If and when you are visiting Shanghai, I am pretty sure the name of this one place would be definitely comes up top. Nobody and no tour agency would give this place a miss and that place is the famous BUND!
I had to make two separate trips to the Bund when I was in Shanghai. The first night I was there, we went too late and all the glittering lights that made the Bund what she is was already switched off around 9:30 p.m. There were literally nothing to see, only dark buildings and even darker side opposite the Huangpu River where the Oriental Pearl TV Tower and the sky scrappers were.
Hence, on the day that we returned from Hangzhou, we made it a point to visit the Bund immediately before even going back to the hotel, to grab a cruise down the Huangpu River and savor the beauty and charm of this magnificent landscape at night, basking in all her glittering lights.
Also known as Zhongshan Dong Li Lu (East Zhongshan First Road), she has been an iconic street in Shanghai for hundred of years. Stretching approximately 1500 meters, there are 26 buildings of different and unique design and architecture that defines the Bund. This stretch fronting the Huangpu River, looking across the Pudong Financial District was once the most romantic corner in Shanghai. It still would be if NOT for the hundreds if not thousands of tourists there every night, talking or shouting on top of the voice and having their pictures taken.
Taking a river cruise down the Huangpu River is a rather interesting experience. As you cruise down this very important river in Shanghai, you would clearly see the difference between the west and the east side of the river. On the west side is the Bund, with her 26 signature buildings of different design, architectural, bearing resemblance from different eras such as Gothic, Baroque, Romanesque, Classicism and the Renaissance, a time of the glorious past. If you close you eyes, and if your imagination allows you, you can even bring yourself, traveling back in time to the golden era of Shanghai yesteryear and imagine how romantic that scene would be.
On the east side, however, is the complete opposite. Instead of old colonial style buildings, are the tall sky scrappers with colourful neon lights and advertisements displays, constantly changing hue and colour. Here lie the three tallest buildings in Shanghai and among the tallest in China and the world. The first to catch your attention will of course be the colourful and unique iconic Oriental Pearl TV Tower. Then, there is the Jin Mao Tower, an 88 floors tiered pagoda shape building which until recently was the 5th tallest building in the world. She is now of course dwarfed by the even taller building and currently the tallest building (soon to be surpassed), the Shanghai World Financial Centre, standing at 492 meters with 101 floors, making her the third tallest building in the world.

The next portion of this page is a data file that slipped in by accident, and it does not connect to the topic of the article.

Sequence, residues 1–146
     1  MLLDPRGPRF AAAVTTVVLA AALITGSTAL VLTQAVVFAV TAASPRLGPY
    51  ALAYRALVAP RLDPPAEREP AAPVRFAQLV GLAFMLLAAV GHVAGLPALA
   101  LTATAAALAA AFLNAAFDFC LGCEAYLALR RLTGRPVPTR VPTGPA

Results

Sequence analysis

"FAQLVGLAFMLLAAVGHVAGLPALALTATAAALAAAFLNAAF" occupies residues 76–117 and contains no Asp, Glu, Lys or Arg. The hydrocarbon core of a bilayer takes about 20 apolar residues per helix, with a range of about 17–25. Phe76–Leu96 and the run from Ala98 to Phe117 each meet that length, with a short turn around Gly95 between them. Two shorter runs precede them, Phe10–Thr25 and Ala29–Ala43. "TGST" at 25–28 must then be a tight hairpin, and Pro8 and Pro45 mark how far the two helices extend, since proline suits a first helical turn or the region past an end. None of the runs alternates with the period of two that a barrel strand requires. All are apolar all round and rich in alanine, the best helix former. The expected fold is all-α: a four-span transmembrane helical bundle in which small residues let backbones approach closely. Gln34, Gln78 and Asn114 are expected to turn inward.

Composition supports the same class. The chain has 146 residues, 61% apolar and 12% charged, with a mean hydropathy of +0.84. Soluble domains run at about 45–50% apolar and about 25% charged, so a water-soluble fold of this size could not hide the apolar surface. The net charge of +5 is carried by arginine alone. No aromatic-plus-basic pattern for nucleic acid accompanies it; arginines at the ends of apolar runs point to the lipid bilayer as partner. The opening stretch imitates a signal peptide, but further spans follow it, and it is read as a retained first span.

The landscape here is going to change even further with the soon to be completed Shanghai Tower with a height of 632 meters, taking over as the tallest building in Shanghai and China and the second in the world.
We were told an interesting story surrounding the constructions of the Shanghai World Financial Centre and the Shanghai Tower. I am uncertain as to how true the story was but it is still interesting nevertheless and holds true to the pride of the mighty Chinese.
Story has it that the Shanghai World Financial Centre was designed and built by the Japanese. The current square opening right at the top of the building, which made this building’s design unique, was initially a circle but the idea was strongly objected upon by the Chinese because it represents a symbol of the Japan’s rising sun. Hence, it was changed to her present state.
But having the tallest building built by the Japanese is not exactly something that the Chinese are proud of and some even said that the very sharp angles and edges of the building from far looks similar to a samurai sword. Hence, the Chinese then designed and commenced building an even taller structure next to her, namely the current Shanghai Tower, cylinder in design, looking more like a sword sheath to hold her `within’.
Regardless whether the story is true or otherwise, the Bund and the Pudong Financial District are still a must visit places when you do drop by Shanghai. In fact, if you have the time, I might even suggest that you see her once during the day and then again in all her splendour at night.
And if you are photographer, don’t forget to bring your tripod and you will be rewarded with shots that you would be happy to go home with.